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A creative success Featured

7:00pm EDT December 31, 2006

Alittle fear can go a long way in helping a CEO to keep his or her eye focused on success, says Mat Orrego.

It certainly did back in 1993, when Orrego, president and CEO of Cornerstone Information Systems, wondered if the professional services company he had just founded would generate enough sales to meet its next payroll. Ultimately, the sales were made, Orrego was able to pay his employees and a valuable lesson was learned.

“We got the affirmation that what we were doing was truly something that had benefit in the marketplace, and people were willing to pay us money to do it,” Orrego said.

With 56 employees now on board, Cornerstone’s revenue has increased from $5 million in 2003 to $7.5 million in 2005.

Smart Business spoke with Orrego about the importance of creativity and using fear to your advantage.

Q: How do you find employees who fit your vision?

You’re constantly recruiting. Our success is predicated on bringing people in that understand our industry and understand a specific job skill that we need as a company.

Ideally, they have worked in other industries where they can apply some of their insight and creativity.

I like to see people that have taken a problem from its infancy and developed a solution around it. The people that we have here have a culture of figuring problems out.

We don’t have a structure that says, ‘This is the way we do it, and this is the only way we do it.’ We leave it open to opportunities.

Q: What skills must a good CEO possess?

You have to be able to navigate situations and deal with them with a high degree of objectivity and not have too many things stick to you. Good leaders are ones that continue to see things in an objective manner. They don’t get burdened by not being able to make a decision because they’re weighted down from the past decisions they have made.

Ask an athlete what’s the [key to] success for them, and they’ll say, ‘Keep your strength up, follow a good workout routine and keep your weight down.’ It’s the same thing to survive as a CEO.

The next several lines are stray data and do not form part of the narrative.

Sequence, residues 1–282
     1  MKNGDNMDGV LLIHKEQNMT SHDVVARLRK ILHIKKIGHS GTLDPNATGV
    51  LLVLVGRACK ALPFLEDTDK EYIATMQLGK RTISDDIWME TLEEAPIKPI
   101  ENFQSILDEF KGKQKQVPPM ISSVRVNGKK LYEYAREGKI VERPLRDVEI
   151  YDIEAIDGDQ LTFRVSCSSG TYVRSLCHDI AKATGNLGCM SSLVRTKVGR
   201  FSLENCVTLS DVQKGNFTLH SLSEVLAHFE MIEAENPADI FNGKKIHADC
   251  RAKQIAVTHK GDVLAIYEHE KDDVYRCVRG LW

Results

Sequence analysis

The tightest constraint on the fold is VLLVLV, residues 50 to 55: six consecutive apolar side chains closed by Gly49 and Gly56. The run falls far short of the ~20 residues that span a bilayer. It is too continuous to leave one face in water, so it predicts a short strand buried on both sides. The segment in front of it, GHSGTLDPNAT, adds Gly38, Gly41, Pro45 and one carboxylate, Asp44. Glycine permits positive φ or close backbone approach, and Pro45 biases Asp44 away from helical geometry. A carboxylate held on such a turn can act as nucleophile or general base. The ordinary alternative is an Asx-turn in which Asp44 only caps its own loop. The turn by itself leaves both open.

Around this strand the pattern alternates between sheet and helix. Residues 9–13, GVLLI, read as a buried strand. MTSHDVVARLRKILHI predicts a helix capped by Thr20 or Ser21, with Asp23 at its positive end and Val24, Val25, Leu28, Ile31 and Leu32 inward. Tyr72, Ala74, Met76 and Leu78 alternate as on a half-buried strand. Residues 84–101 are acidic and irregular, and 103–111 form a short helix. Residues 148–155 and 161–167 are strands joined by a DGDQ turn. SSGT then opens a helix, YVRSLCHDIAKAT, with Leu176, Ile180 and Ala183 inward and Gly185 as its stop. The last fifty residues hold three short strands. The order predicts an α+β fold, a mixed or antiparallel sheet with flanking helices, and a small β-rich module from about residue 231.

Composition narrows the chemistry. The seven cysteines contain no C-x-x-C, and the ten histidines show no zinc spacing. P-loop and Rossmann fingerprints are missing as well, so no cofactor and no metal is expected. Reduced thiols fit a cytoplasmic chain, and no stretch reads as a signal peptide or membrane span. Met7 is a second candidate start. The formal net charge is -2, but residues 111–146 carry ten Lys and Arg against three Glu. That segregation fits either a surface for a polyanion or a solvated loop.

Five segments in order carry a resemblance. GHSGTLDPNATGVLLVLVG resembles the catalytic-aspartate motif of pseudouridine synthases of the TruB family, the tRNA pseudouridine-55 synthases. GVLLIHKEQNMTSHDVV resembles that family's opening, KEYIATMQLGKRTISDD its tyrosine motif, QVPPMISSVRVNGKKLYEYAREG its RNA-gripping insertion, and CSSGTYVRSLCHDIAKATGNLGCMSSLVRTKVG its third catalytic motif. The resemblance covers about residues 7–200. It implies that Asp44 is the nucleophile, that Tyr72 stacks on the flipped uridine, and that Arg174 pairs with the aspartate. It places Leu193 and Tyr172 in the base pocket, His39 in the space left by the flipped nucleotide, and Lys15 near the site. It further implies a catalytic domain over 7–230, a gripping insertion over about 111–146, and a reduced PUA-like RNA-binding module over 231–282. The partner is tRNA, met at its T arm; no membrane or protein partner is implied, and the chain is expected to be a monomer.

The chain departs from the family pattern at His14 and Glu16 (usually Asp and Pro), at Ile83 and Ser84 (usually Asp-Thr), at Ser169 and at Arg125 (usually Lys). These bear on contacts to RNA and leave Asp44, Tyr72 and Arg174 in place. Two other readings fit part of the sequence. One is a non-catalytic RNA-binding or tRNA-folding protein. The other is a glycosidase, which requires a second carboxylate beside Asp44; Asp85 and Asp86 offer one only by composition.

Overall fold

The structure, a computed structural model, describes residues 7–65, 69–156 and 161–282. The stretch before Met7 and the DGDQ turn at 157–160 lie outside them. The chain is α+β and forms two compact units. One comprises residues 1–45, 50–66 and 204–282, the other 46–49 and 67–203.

You can’t get burdened by events and decisions. Don’t let decisions hang on to you, because that adds to your emotional weight

You’ve got to stay very limber and not assume the weight of decisions.

Q: Describe your leadership style.

The role of a CEO is to try to continually reaffirm the direction that I want to take the company in, constantly looking back at anything that is tactical and drawing a direct line to the strategy, and communicating that as frequently as possible.

I tend to put a filter around tough decisions that need to be made at various junctures, whether they are decisions to release a product or develop a new product or dealing with a customer issue. I try to provide that filter of strategy and vision.

It’s a constant affirmation that whatever decision needs to be made, or whatever action needs to be taken, does it fall in line with the vision? I explain, ‘This is why we’re making this decision, because it’s in line with the vision,’ and I repeat the vision again. Repetition gets you into habit, and then it becomes a natural process for people to act upon.

Q: What skill does a CEO need to succeed?

A great skill for a CEO is time management. I’ve got a couple companies out there that I’m involved with and a lot of different issues that come to me on a day-to-day basis. It’s a matter of prioritization.

It’s a process of keeping your mind clear at all times. The way that you do that is, ultimately, you are fanatical about your organization methodology.

If I can’t deal with something in two minutes, then I file it or categorize it. This is when it’s due, and this is when I’m going to work on it.

I really believe in the philosophy that if you have everything categorized and in place, then your mind is clear and you are ready to deal with the ad hoc of life. I try to keep my mind as uncluttered as possible. I’ve got a ton of stuff on my to-do list, and that’s where it belongs. It doesn’t belong in my head.

You can’t get paralyzed by fear, but there’s nothing wrong with running a little scared. It fine-tunes your perspective. You put it through that litmus test, and it just makes you more acute and your senses more heightened.

I’ve gotten used to running a little scared and looking at things that create that level of acute senses to situations so that you can constantly make sure you’re looking out for that point where things can go bad.

HOW TO REACH: Cornerstone Information Systems, www.ciswired.com